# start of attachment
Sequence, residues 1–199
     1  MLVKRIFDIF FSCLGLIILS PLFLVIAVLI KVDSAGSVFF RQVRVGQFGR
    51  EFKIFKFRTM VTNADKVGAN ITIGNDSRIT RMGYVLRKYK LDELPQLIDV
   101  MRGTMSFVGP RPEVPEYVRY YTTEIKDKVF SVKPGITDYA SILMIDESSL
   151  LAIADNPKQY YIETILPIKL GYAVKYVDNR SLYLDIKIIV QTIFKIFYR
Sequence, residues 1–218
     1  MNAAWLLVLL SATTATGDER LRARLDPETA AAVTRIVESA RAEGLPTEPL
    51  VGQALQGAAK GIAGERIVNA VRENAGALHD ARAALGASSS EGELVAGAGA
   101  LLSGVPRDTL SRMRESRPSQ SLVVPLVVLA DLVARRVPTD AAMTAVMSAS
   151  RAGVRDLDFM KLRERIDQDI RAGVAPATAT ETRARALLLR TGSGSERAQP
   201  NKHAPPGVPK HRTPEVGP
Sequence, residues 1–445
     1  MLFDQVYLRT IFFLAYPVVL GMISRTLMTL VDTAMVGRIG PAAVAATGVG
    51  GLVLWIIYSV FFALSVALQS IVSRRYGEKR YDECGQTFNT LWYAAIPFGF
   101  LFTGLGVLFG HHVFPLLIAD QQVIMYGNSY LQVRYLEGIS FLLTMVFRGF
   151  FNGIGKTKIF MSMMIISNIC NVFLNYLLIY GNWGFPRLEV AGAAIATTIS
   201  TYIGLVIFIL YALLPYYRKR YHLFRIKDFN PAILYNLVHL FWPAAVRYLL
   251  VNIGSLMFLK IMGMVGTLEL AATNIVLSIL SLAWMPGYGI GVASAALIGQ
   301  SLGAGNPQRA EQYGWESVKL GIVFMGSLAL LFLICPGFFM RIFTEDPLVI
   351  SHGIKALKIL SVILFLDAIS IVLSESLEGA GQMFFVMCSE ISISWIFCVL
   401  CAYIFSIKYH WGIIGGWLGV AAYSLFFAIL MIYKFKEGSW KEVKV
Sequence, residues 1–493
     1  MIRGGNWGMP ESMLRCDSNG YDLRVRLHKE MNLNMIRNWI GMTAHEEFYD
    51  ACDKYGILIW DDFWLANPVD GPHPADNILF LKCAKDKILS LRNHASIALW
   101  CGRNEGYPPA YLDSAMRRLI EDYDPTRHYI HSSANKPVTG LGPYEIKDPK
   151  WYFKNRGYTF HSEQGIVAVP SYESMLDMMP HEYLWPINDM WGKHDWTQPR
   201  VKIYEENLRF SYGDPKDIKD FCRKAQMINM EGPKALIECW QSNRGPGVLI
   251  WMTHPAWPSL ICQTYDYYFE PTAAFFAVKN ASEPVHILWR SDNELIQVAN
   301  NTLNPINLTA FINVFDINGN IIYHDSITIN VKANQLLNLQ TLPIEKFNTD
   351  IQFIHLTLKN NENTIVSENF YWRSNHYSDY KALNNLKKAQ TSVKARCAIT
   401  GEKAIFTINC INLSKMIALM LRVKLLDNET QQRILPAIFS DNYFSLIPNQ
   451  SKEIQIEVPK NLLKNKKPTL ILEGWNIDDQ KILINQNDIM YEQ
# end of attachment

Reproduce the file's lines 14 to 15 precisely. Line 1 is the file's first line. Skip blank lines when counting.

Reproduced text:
    51  GLVLWIIYSV FFALSVALQS IVSRRYGEKR YDECGQTFNT LWYAAIPFGF
   101  LFTGLGVLFG HHVFPLLIAD QQVIMYGNSY LQVRYLEGIS FLLTMVFRGF